Exhausted after a real thrashing
05 February 2015 | Santiago, Mexico
It's been quite a two days.
Two days ago, first thing in the morning, we left Zihuatanejo for a 200 mile trek North back to Manzanillo. There really aren't any good anchorages between the two ciites, so just as with our pleasant trek South, we planned one long leg. On the way to Zihua, the wind was light and we had between a half and three quarters of knot of current with us. It took us 32 hours to get to Zihua, not bad at all.
We knew it was going to be a longer trip heading North simply because of the current. Plus, the winds are generally from the North so we expected to experience light headwinds, on this trip. The weather forecast was very mild so we headed off.
The first 24 hours were as expected. Slower boat speed because of current, but nothing tough, expect the typical sleep depravation that comes along with overnight passages, especially short ones where the body doesn't have time to establish a new rhythm.
When were about 80 miles from Manzanillo, I could see a wind line approaching and was looking forward to a bit of sailing, or motor sailing. The wind quickly built to 15 knots and then to 20-25 knots. This was not forecast at all! Unfortunately, it was coming exactly from where we needed to go. We started sailing, but the tacking angles on cats, mine included, are extremely wide, making gains very difficult when sailing directly to weather. Instead of 90 degree tacking angles, ours are more like 120 degrees. Add in the strong current against us and we barely made any headway at all.
Add to this that the seas were really starting to stack up in this building wind with an unlimited fetch in these unprotected waters. In no time at all there were 4' to 6' seas, very closely spaced - a recipe for an uncomfortable experience in any boat!
We gave up straight sailing, tried motor sailing at tighter angles, and then gave that up as well, choosing to motor nearly directly into the seas. All my sailing friends know that this means that you will make forward progress, but at the expense of lots of crashing through the waves.
On Speakeasy, because we don't have a lead keel and the inertia that comes with that, we crash over the waves more than through them. The motion was extreme. The bow would pitch up at 45' as we crested a wave and then rotate quickly down into the following trough faster than could be believed. Both bows would often pivot completely underwater sending a wall of water along the deck and along both decks. It was dry in the cockpit behind the cabin and dodger, but we really hand to hang on. The pivoting was so fast that when I went to the bow to do some work, harnessed to the boat of course, I was airborne when the bow was on the way down. Since I have worked bow on many storms while was racing, I am quite used to being underwater when working up there, but the speed which which a catamaran pitches up and down in these conditions was amazing.
Inside the boat, it was extremely noisy as the waves slammed into the bridge deck underside. Surprisingly, it wasn't every wave, but when they hit, they hit so hard that you could feel the floor jumping upwards. At times I was worried about damage, but also thought that this going to happen again, so it will be a good test! It's a credit to cat designers that the interior doesn't come apart with such a pounding.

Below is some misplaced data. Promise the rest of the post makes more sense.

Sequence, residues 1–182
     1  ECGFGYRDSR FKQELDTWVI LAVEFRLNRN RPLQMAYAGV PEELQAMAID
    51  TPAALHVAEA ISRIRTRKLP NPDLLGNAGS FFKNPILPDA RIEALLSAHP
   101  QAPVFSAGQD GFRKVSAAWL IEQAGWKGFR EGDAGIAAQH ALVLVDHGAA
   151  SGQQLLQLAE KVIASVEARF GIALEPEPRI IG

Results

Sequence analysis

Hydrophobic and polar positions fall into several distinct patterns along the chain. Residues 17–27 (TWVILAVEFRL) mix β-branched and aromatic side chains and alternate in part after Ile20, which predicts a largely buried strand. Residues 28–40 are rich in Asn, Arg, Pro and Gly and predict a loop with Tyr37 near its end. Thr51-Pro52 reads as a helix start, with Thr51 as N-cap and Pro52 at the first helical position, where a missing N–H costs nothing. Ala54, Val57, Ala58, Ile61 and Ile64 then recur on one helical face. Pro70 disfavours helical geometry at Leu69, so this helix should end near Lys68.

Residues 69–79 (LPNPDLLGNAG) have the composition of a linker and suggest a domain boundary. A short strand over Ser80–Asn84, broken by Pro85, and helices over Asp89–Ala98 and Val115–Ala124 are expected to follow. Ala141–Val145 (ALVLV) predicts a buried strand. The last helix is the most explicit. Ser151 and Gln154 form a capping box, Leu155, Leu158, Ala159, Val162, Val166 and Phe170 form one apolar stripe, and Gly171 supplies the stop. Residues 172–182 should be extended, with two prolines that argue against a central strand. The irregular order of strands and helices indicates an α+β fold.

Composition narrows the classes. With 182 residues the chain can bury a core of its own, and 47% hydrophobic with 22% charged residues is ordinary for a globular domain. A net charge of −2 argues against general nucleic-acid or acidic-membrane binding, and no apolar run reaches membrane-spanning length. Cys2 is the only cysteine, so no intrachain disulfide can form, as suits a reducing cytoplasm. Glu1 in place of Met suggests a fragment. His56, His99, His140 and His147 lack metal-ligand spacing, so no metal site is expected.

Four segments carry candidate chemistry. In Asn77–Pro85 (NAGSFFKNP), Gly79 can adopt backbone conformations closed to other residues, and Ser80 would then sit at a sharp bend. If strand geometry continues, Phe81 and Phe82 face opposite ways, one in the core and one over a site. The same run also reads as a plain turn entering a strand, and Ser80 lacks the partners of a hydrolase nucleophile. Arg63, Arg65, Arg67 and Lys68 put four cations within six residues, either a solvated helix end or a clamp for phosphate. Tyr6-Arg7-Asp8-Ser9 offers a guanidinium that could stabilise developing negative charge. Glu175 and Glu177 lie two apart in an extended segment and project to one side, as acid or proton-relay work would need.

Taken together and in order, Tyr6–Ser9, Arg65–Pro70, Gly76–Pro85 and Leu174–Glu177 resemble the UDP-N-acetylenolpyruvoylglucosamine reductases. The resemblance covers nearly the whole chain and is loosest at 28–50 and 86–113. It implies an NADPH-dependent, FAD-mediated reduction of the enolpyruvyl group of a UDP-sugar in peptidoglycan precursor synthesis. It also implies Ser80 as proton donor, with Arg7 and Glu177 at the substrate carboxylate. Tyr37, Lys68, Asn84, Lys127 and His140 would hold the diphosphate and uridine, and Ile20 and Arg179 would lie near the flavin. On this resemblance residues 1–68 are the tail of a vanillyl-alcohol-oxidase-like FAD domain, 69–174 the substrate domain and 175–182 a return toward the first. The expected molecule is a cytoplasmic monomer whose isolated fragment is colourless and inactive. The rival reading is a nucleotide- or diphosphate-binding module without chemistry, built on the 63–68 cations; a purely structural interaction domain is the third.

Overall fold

We kept this up for 9 very long hours as we inched our way closer to Manzanillo at 4 knots. I could have gone a bit faster, but kept the speed down to minimize the impact on the boat. We stood watch, slowing counting down the time and looking forward to milestones such as 50 miles to go, 30 miles to go, time to turn towards the harbour, etc. Keep in mind that, when the wind started we had already been underway for about 35 hours with not much sleep. This final trial as we approached our destination meant no rest and an awful pounding for both boat and bodies. If we were offshore, we would have probably just reached off or hove-to to get some rest, but with our destination so close and busy shipping lanes all around us, we just soldiered on in the building seas.
It was with great relief that we finally dropped the anchor in glassy Santiago Bay just after 2am last night. We left all the clean up of the sails and salt until this morning and just hit the sack. Sleep came easy as we both slipped into a deep uninterrupted sleep until mid morning.
Now, we've desalted the boat, put the sails away, re-arranged the items that flew around in the pantry, repaired a bit of damage, and fixed the chart plotter which decided to stop working just as we approached the busy port. We still feel like zombies and are looking forward to another good sleep.
Even though this was a relatively short trip, it is a good example of how much the lack of sleep combined with being in an insane carnival ride for hours on end can take out of you. The boat on the other hand, did a good job. Yes, the cat sucked at sailing upwind in these conditions as expected. But, when push comes to shove and the motor is put to use, it did a good job in some very tough conditions. Other than one handrail where the screws ripped out of the wood during one huge wave, it doesn't look like there is any other damage.
Ahh.... rest, internet, food, and beer. That's all that's on the agenda for the rest of the day